Herbie Meets Joe Cool

If you can’t laugh at yourself, life is going to seem a whole lot longer than you’d like.

Natalie Portman

Being creative isn’t limited to what I produce on paper or canvas. With everything going on around us sometimes it’s finding ways to keep myself grounded, humble, and laughing. My favorite source for laughing often involves memories. Not the kind of memories like being the hero, or scoring the winning touchdown. Apart from the fact that those things never happened with me, I have been a confirmed non-heroic goofball most of my life. But being that goofball has proven to be a bottomless well of amusement now.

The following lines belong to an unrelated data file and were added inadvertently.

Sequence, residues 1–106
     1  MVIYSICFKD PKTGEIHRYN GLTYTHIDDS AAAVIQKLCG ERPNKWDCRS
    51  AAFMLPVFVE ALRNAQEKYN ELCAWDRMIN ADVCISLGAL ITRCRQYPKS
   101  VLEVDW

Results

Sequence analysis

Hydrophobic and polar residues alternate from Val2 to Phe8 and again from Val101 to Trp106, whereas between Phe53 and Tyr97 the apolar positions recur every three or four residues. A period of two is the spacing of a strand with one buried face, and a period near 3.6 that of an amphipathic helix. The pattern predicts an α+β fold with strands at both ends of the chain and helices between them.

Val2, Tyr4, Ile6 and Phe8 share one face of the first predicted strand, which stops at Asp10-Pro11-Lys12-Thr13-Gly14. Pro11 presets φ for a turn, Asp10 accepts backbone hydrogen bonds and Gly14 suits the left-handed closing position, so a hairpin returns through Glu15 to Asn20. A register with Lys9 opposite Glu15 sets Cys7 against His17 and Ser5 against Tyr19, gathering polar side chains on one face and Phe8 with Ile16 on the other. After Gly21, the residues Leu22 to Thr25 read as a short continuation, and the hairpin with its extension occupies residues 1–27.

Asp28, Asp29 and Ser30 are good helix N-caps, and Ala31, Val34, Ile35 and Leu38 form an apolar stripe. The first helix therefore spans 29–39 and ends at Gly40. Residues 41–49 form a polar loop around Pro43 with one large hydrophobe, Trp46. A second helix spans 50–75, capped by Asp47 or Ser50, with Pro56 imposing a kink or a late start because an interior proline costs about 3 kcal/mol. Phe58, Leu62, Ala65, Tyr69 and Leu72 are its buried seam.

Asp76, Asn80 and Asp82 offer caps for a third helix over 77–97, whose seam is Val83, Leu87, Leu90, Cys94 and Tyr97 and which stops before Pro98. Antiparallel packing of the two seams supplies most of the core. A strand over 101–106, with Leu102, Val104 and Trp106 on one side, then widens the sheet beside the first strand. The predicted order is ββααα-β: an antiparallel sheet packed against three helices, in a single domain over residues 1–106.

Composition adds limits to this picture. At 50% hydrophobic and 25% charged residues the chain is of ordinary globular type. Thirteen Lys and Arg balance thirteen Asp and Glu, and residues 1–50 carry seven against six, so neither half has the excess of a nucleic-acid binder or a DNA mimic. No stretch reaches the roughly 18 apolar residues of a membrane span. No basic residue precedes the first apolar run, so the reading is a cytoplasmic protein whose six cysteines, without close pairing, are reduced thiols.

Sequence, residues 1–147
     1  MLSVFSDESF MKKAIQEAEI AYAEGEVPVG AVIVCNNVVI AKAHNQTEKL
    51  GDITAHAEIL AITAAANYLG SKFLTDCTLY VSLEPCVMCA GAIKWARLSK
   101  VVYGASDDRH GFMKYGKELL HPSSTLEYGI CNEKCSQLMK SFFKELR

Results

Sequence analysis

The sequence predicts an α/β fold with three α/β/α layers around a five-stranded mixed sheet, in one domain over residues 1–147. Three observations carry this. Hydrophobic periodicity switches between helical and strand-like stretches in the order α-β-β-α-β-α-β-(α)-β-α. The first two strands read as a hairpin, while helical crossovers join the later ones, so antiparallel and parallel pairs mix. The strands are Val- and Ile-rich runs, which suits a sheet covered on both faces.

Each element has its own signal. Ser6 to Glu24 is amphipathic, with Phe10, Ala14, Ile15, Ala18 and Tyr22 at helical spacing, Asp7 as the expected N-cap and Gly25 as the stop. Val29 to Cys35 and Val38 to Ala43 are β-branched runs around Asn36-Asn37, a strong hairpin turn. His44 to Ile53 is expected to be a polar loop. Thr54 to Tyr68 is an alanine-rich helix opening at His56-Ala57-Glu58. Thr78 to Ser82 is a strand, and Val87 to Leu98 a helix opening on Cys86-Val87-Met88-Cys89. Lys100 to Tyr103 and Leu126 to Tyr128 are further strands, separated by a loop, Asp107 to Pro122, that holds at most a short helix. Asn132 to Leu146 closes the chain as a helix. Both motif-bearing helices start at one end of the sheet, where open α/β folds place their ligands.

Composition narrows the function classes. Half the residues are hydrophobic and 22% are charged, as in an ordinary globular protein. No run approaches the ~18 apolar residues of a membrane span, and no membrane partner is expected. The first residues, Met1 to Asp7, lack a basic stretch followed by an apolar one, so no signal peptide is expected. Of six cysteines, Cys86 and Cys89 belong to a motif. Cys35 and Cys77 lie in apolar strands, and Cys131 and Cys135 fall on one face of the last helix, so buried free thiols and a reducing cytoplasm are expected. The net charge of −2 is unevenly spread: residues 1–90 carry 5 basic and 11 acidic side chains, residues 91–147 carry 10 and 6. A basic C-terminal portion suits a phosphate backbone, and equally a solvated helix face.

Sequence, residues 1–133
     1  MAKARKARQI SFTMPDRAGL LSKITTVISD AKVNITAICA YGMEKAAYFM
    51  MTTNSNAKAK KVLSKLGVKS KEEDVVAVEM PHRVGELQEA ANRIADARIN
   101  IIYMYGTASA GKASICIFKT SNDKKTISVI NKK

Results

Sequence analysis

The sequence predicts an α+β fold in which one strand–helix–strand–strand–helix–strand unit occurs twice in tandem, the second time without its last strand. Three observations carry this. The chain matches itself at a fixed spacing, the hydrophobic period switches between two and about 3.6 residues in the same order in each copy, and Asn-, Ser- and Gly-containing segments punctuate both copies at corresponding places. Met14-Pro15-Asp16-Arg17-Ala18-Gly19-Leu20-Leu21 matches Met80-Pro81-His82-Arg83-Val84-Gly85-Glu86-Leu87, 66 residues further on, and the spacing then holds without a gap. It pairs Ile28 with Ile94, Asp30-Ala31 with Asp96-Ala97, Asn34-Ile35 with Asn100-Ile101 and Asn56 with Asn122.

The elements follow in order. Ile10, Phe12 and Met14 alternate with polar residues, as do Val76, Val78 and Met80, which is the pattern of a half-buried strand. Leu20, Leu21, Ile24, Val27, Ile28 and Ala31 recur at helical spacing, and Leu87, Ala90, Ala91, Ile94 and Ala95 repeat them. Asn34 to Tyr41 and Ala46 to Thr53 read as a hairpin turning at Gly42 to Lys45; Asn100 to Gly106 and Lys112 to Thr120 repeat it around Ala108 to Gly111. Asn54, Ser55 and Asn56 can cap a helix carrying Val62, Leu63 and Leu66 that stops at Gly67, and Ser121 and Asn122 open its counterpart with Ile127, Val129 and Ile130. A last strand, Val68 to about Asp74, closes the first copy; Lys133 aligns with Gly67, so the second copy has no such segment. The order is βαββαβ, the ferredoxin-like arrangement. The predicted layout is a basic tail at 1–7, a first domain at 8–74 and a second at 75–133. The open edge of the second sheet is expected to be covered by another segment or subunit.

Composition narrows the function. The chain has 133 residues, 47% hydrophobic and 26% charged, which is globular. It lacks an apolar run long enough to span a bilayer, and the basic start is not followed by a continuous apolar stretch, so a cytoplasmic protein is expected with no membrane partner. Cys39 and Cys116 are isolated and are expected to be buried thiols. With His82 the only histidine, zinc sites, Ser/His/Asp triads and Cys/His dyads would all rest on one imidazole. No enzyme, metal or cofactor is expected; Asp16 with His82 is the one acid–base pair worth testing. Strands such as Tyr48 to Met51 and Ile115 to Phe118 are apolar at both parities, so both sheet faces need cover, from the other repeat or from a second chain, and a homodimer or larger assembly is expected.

If you’re as lucky as I am you can look back at times when you thought you were soooo cool and laugh your butt off. They are easily distinguishable from actual cool times by the fact that the actual cool times still have importance to you. Feeling the interaction with Mother Ocean as you drag your fingers across the face of a shoulder high Hermosa Beach wave as your longboard glides along remains an important memory I use often. Purely cool. As it happens, the times and surroundings can be genuinely cool… but it’s just you that’s the cause of laughter. Example: 1969 (a deeply cool year), plus Herbie Mann (a very cool jazz flute artist), plus Herbie playing the extremely cool venue of UCLA Royce Hall adds up to a Fantastic evening of being very cool, right? Well…read on.